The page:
Screening tests and vaccines are an important part of managing your health. A screening test is done to find diseases in people who don't have any symptoms. The goal is to find a disease early so lifestyle changes and checkups can reduce the risk of disease. Or the goal may be to find it early to treat it most effectively. Screening tests are not used to diagnose a disease. But they are used to see if more testing is needed. Health counseling is important, too. Below are guidelines for these, for men ages 65 and older. Talk with your healthcare provider to make sure you’re up to date on what you need.
Who needs it
Abdominal aortic aneurysm
Men ages 65 to 75 who have ever smoked
At routine exams
Yearly checkup if your blood pressure is normal*
Normal blood pressure is less than 120/80 mm Hg*
If your blood pressure is higher than normal, follow the advice of your healthcare provider.
All men at average risk in this age group through age 75 who are in good health. For men ages 76 to 85, talk with your healthcare provider to see if you should continue screening. For men 85 and older, screening is not advised.
Several tests are available and are used at different times.
For tests that find polyps and cancer:
Flexible sigmoidoscopy every 5 years, or
Colonoscopy every 10 years, or
CT colonography (virtual colonoscopy) every 5 years
For tests that mainly find cancer:
Yearly fecal occult blood test, or
Yearly fecal immunochemical test, or
Stool DNA test every 3 years
You will need a colonoscopy if you choose a different test and have an abnormal test result, Screening advice varies among expert groups. Talk with your healthcare provider about which tests are best for you.
Some people should be screened using a different schedule because of their personal or family health history. Talk with your healthcare provider about your health history.
All men in this age group
Type 2 diabetes or prediabetes
All men starting at age 45 and men without symptoms at any age who are overweight or obese and have 1 or more extra risk factors for diabetes
At least every 3 years (annual testing if your blood sugar has begun to rise)
Type 2 diabetes
All men with prediabetes
Anyone at increased risk for infection
High cholesterol and triglycerides
At least every 5 years
Adults age 55 to 74 who in fairly good health and are at higher risk for lung cancer defined as current smokers or persons who have quit within past 15 years, and have a 30-pack-year smoking history (Eligibility criteria may vary across major organizations; Age limit may extend to age 80.)
Talk with your healthcare provider for more information
Yearly lung cancer screening with a low-dose CT scan (LDCT)
All men in this age group, talk to healthcare provider about risks and benefits of digital rectal exam (DRE) and prostate-specific antigen (PSA) screening***
Check with your healthcare provider
All adults 1
Every 1 to 2 years. If you have a chronic disease, ask your healthcare provider how often you need an exam.
Aspirin for primary prevention of cardiovascular events
Men ages 45 to 69 when potential benefits from a decrease in heart attacks outweigh the harm or risks from an increase in gastrointestinal bleeding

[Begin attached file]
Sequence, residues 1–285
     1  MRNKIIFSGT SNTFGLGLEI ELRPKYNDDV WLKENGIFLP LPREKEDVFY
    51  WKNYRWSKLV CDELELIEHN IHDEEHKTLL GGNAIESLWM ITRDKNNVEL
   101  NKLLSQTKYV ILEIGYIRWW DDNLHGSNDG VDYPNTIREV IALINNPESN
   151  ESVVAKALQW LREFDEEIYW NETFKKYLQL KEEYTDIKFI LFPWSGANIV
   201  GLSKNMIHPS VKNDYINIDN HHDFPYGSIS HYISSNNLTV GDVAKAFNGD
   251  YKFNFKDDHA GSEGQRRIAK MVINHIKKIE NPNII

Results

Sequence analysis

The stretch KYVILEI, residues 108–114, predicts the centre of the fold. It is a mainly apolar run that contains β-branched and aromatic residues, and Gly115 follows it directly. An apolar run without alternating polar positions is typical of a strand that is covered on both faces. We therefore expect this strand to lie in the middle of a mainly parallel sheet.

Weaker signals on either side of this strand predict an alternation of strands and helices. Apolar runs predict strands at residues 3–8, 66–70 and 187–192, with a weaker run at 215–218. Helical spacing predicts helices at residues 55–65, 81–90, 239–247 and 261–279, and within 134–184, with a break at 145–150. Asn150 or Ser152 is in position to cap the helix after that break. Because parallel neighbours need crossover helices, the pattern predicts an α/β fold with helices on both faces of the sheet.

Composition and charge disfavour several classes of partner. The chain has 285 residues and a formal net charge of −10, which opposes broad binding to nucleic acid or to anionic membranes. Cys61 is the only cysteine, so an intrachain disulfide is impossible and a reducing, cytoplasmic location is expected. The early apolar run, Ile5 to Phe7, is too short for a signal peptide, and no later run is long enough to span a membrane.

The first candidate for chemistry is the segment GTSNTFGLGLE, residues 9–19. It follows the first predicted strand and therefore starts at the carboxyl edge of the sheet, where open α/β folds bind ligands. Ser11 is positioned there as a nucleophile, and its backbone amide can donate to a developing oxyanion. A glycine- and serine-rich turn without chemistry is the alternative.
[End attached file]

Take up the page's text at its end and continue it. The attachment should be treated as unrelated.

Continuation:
When diagnosed with a risk for cardiovascular disease. Check with your healthcare provider before starting
Diet and exercise
Adults who are overweight or obese
When diagnosed and at routine exams
Fall prevention (exercise, vitamin D supplements)
Sexually transmitted infection prevention
Tobacco use and tobacco-related disease
Tetanus/diphtheria/pertussis (Td/Tdap) booster
Every 10 years. Tdap is advised if you have contact with a child younger than 12 months. Either Td or Tdap can be used if you have no contact with infants.
All adults ages 65 and older who have no previous infection or vaccine**
2 doses. The second dose should be given at least 4 weeks after the first dose.
Yearly, when the vaccine is available
Haemophilus influenzae type B (HIB)
People at risk
1 to 3 doses
People at risk, such as travelers
2 doses given at least 6 months apart. These should give long-lasting protection
People at risk, such as travelers and those with chronic liver disease
3 doses; the second dose should be given 1 month after the first dose, and the third dose should be given at least 2 months after the second dose (or at least 4 months after the first dose)
Pneumococcal conjugate vaccine (PCV13) and pneumococcal polysaccharide vaccine (PPSV23)
All adults ages 65 and older
1 dose of each vaccine
All men ages 60 and older
2 doses of the Recombinant Zoster Vaccine (RZV), 2-6 months apart. RZV is advised even for people who have had the live shingles vaccine called Zostavax. There is no live virus in RZV.
*From the American College of Cardiology and the American Heart Association Task Force on Clinical Practice Guideline
**There may be exceptions. Talk with your healthcare provider.
***National Comprehensive Cancer Network
If the test is positive, a colonoscopy should be done.
The multiple stool take-home test should be used. One test done by the healthcare provider in the office is not enough for testing. A colonoscopy should be done if the test is positive.
1 From the American Academy of Ophthalmology
Screening guidelines from the U.S. Preventive Services Task Force, except Hepatitis C from CDC
Vaccine schedule from the CDC